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China curbs local media coverage of Alibaba probe: source
CHINA has ordered its domestic media to restrict their reporting on an antitrust probe into Alibaba Group Holding, as speculation over the future of one of China's largest corporations intensified, said people with direct knowledge of the matter.
A directive issued by the government's propaganda arm towards the end of last year ordered news outlets to strictly echo the official line on the investigation into the tech giant, and prohibited them from engaging in original reporting and extended analysis, or drawing their own conclusions without authorisation, said the sources, who asked not to be identified as the order has not been made public. The restrictions also apply to Jack Ma, the company's co-founder, they said.
Authorities in Beijing regularly issue propaganda directives and guidelines to domestic media organisations to further the government's policy objectives. The Financial Times (FT) earlier reported the directive on Alibaba, saying that it signalled how the issue has become a matter of national political sensitivity.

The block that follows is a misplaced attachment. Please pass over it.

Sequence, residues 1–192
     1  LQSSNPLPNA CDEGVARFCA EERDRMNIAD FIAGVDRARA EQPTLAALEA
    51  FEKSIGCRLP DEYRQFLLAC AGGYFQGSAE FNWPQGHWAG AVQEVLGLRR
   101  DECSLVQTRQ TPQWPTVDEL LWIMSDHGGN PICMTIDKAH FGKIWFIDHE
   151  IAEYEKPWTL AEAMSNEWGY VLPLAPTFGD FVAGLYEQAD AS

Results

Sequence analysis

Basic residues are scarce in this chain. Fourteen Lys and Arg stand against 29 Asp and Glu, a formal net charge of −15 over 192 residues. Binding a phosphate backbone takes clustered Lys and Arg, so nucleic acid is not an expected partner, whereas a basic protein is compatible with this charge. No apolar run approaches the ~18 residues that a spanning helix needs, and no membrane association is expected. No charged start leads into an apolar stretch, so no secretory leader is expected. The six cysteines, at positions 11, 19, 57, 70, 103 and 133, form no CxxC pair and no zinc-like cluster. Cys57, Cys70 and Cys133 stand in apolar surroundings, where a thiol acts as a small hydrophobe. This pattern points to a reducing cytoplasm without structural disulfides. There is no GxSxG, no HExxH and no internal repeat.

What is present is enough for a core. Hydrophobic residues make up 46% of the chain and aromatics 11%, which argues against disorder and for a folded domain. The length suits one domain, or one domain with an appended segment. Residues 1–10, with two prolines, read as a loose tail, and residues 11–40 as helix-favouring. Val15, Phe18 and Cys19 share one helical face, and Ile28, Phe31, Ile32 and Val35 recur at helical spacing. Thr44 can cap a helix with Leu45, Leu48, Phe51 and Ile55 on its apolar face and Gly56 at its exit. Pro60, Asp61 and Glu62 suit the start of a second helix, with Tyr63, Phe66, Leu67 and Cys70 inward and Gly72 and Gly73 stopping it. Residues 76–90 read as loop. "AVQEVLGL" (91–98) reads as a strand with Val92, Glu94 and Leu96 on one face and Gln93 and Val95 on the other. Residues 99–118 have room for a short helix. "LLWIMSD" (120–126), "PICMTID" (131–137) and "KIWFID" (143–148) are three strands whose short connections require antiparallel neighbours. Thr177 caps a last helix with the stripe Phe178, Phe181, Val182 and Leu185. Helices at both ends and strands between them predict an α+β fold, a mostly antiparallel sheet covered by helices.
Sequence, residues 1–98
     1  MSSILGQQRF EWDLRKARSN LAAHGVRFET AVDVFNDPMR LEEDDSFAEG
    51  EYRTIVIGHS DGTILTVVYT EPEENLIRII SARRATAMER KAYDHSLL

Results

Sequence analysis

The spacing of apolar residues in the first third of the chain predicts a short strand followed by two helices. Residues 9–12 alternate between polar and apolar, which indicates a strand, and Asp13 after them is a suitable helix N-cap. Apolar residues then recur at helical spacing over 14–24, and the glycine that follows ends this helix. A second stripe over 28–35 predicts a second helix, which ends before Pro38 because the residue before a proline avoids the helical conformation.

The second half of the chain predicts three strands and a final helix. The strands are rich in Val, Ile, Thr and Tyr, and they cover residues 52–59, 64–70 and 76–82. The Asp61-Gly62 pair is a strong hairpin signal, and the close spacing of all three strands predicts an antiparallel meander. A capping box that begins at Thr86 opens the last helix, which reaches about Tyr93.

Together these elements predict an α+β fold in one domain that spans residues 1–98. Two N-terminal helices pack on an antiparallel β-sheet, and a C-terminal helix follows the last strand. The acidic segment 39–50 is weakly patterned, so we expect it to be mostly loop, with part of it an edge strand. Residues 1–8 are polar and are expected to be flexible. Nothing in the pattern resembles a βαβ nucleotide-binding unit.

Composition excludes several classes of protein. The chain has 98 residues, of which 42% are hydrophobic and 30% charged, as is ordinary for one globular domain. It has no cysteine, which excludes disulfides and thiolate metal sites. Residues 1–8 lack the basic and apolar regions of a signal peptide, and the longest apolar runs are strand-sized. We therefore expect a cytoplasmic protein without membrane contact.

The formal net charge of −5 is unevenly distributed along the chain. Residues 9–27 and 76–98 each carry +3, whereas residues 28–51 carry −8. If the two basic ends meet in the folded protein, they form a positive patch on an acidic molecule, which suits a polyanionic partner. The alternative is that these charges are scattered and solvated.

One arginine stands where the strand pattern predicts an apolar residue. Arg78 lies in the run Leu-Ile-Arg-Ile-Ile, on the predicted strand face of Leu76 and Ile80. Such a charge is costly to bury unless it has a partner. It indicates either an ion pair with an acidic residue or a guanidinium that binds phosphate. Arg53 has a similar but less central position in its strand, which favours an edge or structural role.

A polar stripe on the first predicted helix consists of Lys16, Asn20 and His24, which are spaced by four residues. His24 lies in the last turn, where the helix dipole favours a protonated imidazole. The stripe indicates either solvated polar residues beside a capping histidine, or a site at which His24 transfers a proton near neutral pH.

Billionaire Mr Ma's empire has become the most prominent target of China's campaign against the technology industry, which has so far torpedoed affiliate Ant Group's US$35 billion initial public offering, and led to an antitrust investigation at his e-commerce giant. Mr Ma, who has not been seen in public for months, has been advised by the government to stay in the country, a person familiar with the matter said. Several online blogs that speculated about his whereabouts have been censored, said FT.
"It's because the government does not want to see two things: one is people questioning the overreaching intervention, the other is people lashing out at the private sector and discouraging China's economic engine," said Fang Kecheng, a communications professor at the Chinese University of Hong Kong.
At one media company, the restrictions were applied to Chinese language outlets, but not its English language journalists, a source said. BLOOMBERG